microflora as factors affecting root exudation were discussed. Some organisms,
particularly plant pathogens, infect the plant and cause changes in root exudation.
1 . Shoot Colonizers
In the past several years there have been several reports concerning the influence of viruses and leaf surface microorganisms (epiphytes) on root exudation.
Not only did infection of pea by bean yellow mosaic virus cause an increase in
root exudates, it also caused an increase in root rot incited by Fusarium solani
(Beute and Lockwood, 1968). There was an appreciable increase in exudation of
electrolytes, nucleotides, carbohydrates, and amino compounds from the virusinfected plants; this increase led to an increase in the inoculum potential of the
pathogen. Increased cell permeability, a factor associated with many plant diseases, may have accounted for the increased root exudation from the virus
Higher populations of rhizosphere microflora were recorded around roots of
red pepper infected with tobacco mosaic virus than were found in comparable
healthy plants (Alagianagalingan and Ramakrishnan, 1972). The older, virusinfected plants exuded greater quantities of amino acids than did comparable
healthy plants. Singh and Singh (197 1) found more different kinds of soil microorganisms associated with virus-infected Bermuda grass but greater numbers
of fungi associated with healthy plants. They concluded that healthy plant root
exudation influenced the microflora differently than did diseased plant root exudation. Magyarosy and Hancock (1974) studied the association of virus-induced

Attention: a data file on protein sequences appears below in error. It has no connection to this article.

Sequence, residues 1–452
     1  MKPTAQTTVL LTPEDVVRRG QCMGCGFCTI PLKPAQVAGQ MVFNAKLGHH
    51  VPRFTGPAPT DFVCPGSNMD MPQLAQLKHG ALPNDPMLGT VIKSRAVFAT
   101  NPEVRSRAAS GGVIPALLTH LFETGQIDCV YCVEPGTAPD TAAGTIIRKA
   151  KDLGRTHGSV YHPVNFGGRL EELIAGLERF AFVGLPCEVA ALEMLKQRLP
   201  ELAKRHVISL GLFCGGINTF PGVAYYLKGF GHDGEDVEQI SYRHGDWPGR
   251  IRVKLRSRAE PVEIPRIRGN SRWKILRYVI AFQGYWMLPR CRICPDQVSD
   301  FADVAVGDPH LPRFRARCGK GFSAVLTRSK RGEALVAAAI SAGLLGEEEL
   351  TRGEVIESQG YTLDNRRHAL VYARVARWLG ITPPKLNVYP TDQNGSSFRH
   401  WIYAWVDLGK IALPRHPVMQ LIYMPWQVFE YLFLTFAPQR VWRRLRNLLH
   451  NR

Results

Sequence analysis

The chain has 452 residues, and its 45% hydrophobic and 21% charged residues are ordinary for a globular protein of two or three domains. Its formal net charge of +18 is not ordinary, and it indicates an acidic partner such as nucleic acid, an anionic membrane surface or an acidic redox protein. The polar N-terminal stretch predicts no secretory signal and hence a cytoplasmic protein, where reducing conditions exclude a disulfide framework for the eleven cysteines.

changes of laimosphere microflora. Microflora populations were two to seven
times as high in soils surrounding hypocotyls of squash plants infected with
squash mosaic virus, because exudation was 4% more than for healthy plants.
The increase in laimosphere microflora, furthermore, provided protection against
infection by Fusarium solani.
Reports concerning the influence of leaf surface microorganisms, particularly
saprophytic forms (epiphytes), on root exudation are very limited. Bhat et al.
(1971) inoculated leaves of hyacinth bean grown axenically in flasks with a
Beijerinckia sp. and recorded a substantially greater amount of amino acids
present in exudates from inoculated as compared with uninoculated or com-
M. G. HALE AND L. D. MOORE
pletely axenic plants (Table X). Plants grown under axenic conditions and lacking leaf epiphytes exuded far fewer amino acids.
Although it has not been reported extensively in the literature, it is apparent
that fungi and bacteria that are foliar pathogens of higher plants may exert
significant effects on the root exudation of the host plant. Many of these organisms, as well as the plant pathogenic viruses, have significant effects on the
metabolism of host plants causing changes in the metabolism of carbohydrates,
amino acids, proteins, lipids, nucleic acids, and natural growth regulators
(Heitefuss and Williams, 1976). Such changes should have direct effects on the
source to sink pools in colonized tissues. As one of their first actions, most plant
pathogenic organisms alter the cell permeability of the suscept tissue. Such an
increase in permeability often leads to the leakage of electrolytes. The influence